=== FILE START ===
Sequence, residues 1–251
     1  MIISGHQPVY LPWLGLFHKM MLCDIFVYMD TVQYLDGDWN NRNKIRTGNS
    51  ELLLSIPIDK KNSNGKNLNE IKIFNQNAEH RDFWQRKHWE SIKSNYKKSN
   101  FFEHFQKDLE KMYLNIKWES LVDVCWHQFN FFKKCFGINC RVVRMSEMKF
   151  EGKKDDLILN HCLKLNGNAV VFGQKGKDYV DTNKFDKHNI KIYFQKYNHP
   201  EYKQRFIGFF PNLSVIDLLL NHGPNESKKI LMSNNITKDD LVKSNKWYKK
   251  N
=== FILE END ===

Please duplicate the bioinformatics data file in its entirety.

Sequence, residues 1–251
     1  MIISGHQPVY LPWLGLFHKM MLCDIFVYMD TVQYLDGDWN NRNKIRTGNS
    51  ELLLSIPIDK KNSNGKNLNE IKIFNQNAEH RDFWQRKHWE SIKSNYKKSN
   101  FFEHFQKDLE KMYLNIKWES LVDVCWHQFN FFKKCFGINC RVVRMSEMKF
   151  EGKKDDLILN HCLKLNGNAV VFGQKGKDYV DTNKFDKHNI KIYFQKYNHP
   201  EYKQRFIGFF PNLSVIDLLL NHGPNESKKI LMSNNITKDD LVKSNKWYKK
   251  N